Wish I'd Said It

Weeds are flowers too - once you get to know them.

- A. A. Milne

Thursday, October 04, 2007

Uh, No. Life Is Not A Game Show. (Issue #152)

I was taught that when someone (me) screwed up (got caught) and the explanation (lie) failed to win exoneration, it was time to apologize and atone. Somewhere along the road to maturity, one eventually even bypasses the attempt to fib. It's what a man does. (And yes, it's what women do too.) It's about taking responsibility for one's behaviour. Most folks of my generation clued into the concept fairly early on. My own learning was aided and abetted by periodic whacks from nuns and other teachers.

But let's leave the sepia-toned memories of whip-wielding nuns for a moment and flash forward to today.

These days, on a near-weekly basis, we're confronted with pop musicians, athletes and movie stars who do Very Bad Things and then apologize. But they don't really apologize. Instead, they go into damage-control mode as orchestrated by well-paid advisors - advisors who are desperate to rehabilitate the image of their meal ticket. And these advisors are all singing from the same songbook. It doesn't matter if it's Britney, Lindsay, Michael Vick or any of dozens of others - the refrain is similar:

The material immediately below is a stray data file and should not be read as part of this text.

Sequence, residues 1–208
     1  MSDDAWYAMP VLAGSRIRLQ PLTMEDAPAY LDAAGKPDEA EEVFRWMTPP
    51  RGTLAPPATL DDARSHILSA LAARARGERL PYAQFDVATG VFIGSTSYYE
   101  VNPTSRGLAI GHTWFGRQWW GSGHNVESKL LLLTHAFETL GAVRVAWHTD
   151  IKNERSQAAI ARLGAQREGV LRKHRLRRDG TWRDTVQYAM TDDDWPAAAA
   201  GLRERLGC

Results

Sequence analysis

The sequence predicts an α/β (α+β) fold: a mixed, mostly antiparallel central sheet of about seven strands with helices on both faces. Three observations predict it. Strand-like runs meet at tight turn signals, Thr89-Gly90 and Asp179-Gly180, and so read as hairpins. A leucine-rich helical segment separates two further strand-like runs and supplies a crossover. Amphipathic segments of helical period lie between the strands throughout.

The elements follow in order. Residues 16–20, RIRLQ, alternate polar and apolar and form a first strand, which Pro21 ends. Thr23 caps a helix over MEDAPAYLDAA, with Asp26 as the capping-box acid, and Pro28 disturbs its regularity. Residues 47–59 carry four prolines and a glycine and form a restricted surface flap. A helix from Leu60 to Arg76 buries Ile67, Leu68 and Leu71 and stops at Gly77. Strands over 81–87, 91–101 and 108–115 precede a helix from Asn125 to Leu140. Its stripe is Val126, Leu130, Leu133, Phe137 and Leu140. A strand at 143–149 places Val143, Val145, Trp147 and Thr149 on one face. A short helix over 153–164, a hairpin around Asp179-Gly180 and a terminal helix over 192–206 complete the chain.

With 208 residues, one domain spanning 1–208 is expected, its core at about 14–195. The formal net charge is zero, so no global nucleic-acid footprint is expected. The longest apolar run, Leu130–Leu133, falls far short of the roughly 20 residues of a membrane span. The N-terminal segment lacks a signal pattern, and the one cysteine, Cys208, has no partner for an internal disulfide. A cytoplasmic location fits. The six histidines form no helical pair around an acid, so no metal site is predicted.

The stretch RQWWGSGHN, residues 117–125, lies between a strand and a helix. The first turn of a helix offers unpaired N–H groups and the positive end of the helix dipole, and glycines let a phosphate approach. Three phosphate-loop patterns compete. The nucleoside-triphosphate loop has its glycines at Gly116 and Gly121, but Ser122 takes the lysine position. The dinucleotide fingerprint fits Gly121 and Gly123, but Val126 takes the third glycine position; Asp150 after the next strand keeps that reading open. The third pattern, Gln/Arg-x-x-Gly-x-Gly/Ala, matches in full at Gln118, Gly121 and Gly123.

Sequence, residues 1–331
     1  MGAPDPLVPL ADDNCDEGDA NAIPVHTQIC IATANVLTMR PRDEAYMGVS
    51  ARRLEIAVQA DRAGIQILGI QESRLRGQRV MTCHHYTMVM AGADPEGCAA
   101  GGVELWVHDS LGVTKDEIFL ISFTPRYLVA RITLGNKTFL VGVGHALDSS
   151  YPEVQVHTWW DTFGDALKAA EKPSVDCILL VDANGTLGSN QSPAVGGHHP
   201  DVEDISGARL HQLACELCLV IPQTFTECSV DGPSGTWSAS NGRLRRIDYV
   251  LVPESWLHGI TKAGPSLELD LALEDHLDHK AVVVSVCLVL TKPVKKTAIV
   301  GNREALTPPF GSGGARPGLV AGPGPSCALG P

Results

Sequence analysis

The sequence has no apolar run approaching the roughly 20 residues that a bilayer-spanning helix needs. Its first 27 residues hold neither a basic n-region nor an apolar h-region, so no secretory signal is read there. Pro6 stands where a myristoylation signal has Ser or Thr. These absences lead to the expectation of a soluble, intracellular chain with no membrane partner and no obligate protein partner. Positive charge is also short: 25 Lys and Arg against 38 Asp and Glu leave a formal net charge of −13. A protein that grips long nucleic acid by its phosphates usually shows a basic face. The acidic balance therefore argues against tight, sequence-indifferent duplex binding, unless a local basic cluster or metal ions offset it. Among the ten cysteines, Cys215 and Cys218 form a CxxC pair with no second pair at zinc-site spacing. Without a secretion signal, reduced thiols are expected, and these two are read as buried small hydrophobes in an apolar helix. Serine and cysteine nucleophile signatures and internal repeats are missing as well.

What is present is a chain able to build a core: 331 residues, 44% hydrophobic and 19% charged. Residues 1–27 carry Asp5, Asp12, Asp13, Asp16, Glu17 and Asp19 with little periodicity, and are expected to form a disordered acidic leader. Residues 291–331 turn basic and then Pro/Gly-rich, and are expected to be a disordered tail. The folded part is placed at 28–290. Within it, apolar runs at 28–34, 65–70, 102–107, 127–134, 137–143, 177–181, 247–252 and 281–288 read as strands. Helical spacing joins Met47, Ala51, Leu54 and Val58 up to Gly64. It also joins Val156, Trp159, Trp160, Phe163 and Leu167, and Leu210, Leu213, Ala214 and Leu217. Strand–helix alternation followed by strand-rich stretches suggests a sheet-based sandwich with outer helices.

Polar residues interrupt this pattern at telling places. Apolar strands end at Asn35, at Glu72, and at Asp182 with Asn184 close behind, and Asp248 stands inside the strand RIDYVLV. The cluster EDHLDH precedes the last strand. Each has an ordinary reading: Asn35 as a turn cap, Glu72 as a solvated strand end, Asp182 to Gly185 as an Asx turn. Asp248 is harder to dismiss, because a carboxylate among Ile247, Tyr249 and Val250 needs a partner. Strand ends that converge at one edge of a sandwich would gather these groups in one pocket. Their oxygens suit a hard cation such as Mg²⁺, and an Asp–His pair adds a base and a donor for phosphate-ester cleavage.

"I made a wrong choice. I hope to make better choices going forward.*"


Isn't. That. Special.

They made a wrong choice. They would like us to believe it could happen to anyone. If only they had chosen Door #1 because behind it was Reasonable Behaviour! Oh, and look! Behind the curtain that the lovely Doreen is now parting...it's...it's a Heaping Helping of Personal Responsibility coupled with a Smidge of Social Conscience!

But Nooooooooooooo! They had to choose Door #3 and got How To Drive Drunk, Flash Your Crotch, Insult Gays and Kill Dogs. What a bummer.

Woe is them. They made a wrong choice.

Nuh-uh. No sale here. They were selfish, inconsiderate a**holes, at the very least. But I'll admit they didn't get that way by themselves. The wrong choices were made years earlier. By parents. By indifferent schools. By substituting money for caring, presents for companionship. By being raised in a society which values celebrity over all.